The Cure to My MS…

The cure to my MS lies in being able to trick my brain.

The point is, don’t read this thinking you stumbled on a cure, the title was just a title.

During the time of Covid I’ve been making a point to take walks in the morning as frequently as I can. Being home and working from home has afforded me the opportunity to take advantage of the cool mornings even if the day would end up scorching hot.

On one of these walks recently I was thinking about the conflict between my body and my brain and how my brain (our brains) can be so smart but so stupid at the same time.

If you don’t how MS effects the brain, the short version is that MS attacks the Myelin sheath that covers the nerves in our brains and spines. In the absence of the Myelin the signals that run through the nerves may slow down, get disrupted, or get broken completely.

In my case, I presume, the signals are slowed down. I can still walk but often my legs are out of sync. For example:

  1. When getting out of the shower, I’ll put my left foot out of the tub but when I try to pull my right leg out, it doesn’t move.
  2. Changing walking speeds, my right leg doesn’t respond like my left leg does. My left foot moves forward quickly but my right foot is still moving slowly.
  3. When standing up or reaching high (standing on my toes) my body depends heavily on my left leg. After 10 years of this my left calve and ankle are noticeably (to me) smaller and weaker.
  4. Changing directions, whether walking or standing still, my entire body prepares and makes the adjustment but my right leg stays the original course or stays still.

You can imagine that this causes a number of trips and stumbles. Luckily the falls have been infrequent and mild.

Our brains are incredible. They can develop new pathways. They can switch from doing something deliberately to automatically seamlessly. Take a breath… now hold your breath… now continue to read this and begin breathing normally. Your brain functions at a level higher than you can even comprehend. It balances your body weight, controls your hands as you communicate, monitors your surroundings, takes in information from the people you are listening to but also from the things you aren’t listening to directly. Your conscience and sub-conscience work together seamlessly in order to create this marvelous picture of the world around you. Not just that you physically see, hear, smell, touch, and taste but also what you feel emotionally. Sadness, surprise, fear, excitement, jubilation are just a few. Do you realize that you can make yourself sad? Your brain has the power, even if you’re happy, to recall a sad memory. When at a funeral, in extreme sadness, your brain can still conjure up the happiest memory you have of the person you’re grieving. Seamlessly your brain can feel the sadness but at your command or someone else’s request can recall the happiest thought.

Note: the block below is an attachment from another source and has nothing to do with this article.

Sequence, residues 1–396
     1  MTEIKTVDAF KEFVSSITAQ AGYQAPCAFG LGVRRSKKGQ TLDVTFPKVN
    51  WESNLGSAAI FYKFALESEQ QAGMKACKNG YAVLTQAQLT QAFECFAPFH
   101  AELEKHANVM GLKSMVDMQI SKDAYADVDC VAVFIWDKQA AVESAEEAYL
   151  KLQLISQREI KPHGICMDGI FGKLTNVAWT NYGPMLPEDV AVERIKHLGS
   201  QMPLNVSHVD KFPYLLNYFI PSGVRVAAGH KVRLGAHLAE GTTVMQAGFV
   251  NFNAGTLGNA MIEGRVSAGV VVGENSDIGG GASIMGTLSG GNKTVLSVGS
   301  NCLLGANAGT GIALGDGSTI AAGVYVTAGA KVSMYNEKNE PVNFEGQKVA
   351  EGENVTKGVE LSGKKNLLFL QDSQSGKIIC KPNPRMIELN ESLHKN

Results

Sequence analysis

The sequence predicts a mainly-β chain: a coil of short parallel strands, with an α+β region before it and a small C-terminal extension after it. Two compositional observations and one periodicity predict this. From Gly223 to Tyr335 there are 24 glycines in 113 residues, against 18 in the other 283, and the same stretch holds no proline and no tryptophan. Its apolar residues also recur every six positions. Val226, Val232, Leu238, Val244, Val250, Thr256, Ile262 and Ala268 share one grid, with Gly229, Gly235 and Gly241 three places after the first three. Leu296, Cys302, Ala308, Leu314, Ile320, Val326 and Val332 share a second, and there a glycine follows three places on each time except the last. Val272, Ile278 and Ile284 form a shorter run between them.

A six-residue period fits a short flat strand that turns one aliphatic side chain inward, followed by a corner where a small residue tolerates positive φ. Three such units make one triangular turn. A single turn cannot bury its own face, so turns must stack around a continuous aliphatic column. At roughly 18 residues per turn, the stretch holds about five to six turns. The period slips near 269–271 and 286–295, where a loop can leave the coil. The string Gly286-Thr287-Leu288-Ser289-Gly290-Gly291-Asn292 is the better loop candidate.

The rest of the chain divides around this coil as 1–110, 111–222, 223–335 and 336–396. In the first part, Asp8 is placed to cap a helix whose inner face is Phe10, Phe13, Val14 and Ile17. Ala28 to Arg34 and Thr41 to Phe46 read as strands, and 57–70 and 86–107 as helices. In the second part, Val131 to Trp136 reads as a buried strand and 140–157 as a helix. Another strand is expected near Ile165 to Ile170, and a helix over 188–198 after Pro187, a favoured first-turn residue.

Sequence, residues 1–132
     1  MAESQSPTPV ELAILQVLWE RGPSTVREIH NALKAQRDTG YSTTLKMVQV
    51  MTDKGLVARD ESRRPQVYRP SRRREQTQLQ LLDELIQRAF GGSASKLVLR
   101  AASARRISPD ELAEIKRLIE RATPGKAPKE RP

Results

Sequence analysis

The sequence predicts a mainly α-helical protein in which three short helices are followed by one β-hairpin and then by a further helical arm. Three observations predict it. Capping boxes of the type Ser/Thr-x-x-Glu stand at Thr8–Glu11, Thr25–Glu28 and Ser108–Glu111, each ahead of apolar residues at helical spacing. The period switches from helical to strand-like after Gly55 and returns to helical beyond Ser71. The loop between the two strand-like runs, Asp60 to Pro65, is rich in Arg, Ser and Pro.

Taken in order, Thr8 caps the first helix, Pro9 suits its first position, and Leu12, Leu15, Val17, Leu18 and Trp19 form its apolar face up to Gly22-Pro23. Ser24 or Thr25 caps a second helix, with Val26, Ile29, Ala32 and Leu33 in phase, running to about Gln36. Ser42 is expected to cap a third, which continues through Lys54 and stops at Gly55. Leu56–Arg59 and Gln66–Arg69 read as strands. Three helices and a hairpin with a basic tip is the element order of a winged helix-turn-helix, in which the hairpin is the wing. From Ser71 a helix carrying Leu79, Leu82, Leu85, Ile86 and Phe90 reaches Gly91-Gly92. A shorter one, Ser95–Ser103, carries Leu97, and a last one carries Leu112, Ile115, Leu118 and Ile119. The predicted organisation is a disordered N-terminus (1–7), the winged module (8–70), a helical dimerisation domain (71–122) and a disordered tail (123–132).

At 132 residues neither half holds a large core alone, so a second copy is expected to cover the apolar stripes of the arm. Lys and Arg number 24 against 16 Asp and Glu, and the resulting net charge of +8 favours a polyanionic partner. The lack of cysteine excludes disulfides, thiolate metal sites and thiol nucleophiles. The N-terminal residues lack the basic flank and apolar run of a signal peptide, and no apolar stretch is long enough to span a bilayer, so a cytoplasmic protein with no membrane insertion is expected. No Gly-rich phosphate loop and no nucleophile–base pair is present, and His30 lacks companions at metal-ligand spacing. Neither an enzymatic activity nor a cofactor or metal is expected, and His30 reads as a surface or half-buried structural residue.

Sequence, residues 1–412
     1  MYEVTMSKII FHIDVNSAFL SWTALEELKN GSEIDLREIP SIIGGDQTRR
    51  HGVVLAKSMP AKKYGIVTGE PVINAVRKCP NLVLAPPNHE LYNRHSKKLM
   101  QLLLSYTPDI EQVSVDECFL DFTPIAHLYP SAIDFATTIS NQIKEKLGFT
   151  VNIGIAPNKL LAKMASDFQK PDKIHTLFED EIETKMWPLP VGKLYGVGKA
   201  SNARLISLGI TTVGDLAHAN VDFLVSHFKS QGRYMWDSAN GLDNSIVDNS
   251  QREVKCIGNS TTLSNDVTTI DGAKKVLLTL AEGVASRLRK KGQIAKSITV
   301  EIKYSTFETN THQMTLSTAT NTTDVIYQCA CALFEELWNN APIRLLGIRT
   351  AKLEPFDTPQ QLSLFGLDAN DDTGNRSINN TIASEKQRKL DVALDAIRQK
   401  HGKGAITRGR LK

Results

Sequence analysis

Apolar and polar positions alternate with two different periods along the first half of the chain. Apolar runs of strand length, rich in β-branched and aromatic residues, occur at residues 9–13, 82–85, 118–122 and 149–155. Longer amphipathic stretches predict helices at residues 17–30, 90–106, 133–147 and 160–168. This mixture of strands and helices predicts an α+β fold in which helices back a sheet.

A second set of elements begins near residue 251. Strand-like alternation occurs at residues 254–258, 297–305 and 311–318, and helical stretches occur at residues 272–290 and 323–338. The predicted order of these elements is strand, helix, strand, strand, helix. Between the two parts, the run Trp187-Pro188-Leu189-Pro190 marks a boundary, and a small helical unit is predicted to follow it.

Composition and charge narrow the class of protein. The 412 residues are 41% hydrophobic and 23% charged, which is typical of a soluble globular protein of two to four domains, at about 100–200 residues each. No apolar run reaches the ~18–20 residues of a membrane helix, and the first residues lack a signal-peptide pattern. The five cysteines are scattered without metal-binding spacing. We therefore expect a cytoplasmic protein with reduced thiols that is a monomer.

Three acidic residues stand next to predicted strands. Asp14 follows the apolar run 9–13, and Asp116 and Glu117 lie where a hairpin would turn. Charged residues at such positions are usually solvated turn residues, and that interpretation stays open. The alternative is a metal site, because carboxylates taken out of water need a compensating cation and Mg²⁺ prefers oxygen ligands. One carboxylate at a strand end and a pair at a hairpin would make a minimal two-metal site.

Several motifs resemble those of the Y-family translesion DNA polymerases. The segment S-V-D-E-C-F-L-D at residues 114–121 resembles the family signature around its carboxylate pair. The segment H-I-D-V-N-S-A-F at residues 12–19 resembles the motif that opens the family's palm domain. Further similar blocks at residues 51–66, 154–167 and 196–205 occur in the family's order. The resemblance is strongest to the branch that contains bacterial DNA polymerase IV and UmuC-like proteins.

Take notice, have you given any thought to your breath in the last couples sentences? Assuming you’re not passed out, do you see that your sub-conscience takes over at will in order to keep you alive whether you are focusing on it or not. INCREDIBLE!!!!! That is AWESOME in the truest sense of the word.

When it comes to walking, the easiest solution to tripping when I walk fast is to walk slow. It’s called the KISS method, Keep It Simple Stupid, for the uninitiated.

But this is where our brains become so smart that they are stupid. I can’t override the signal to or from one leg or the other. Trust me on this, I tried. If I look drunk/silly dragging my feet around the neighborhood normally, watching me trying to walk and cheat my brain at the same time must be down right hilarious. My movements become exaggerated and uncoordinated and unfortunately I still stumble. So instead of having a simple limp I end up looking like the Tin Man in need of oil trying to Waltz.

See, as soon as I tell my body to slow down, the signals slow down. The normal signals act accordingly but the signal through the damaged nerve slows down too. I can tell my body to slow down but the communication to my right leg slows down automatically.

And here’s the last part of the equation because, if you’re healthy and your brain functions normally, you might be thinking “well Ryan, you fucking half-wit, I can make one leg move fast and the other move slow.” Here’s the rub with MS though. Even if I move a leg independently, the signal is still slow. Trying to lift my leg quickly engages spasticity. My leg and my foot end up shaking in a weird sort of Elaine from Seinfeld dance move.

If I can’t trick my brain, I’m left having to retrain it. To be Continued…

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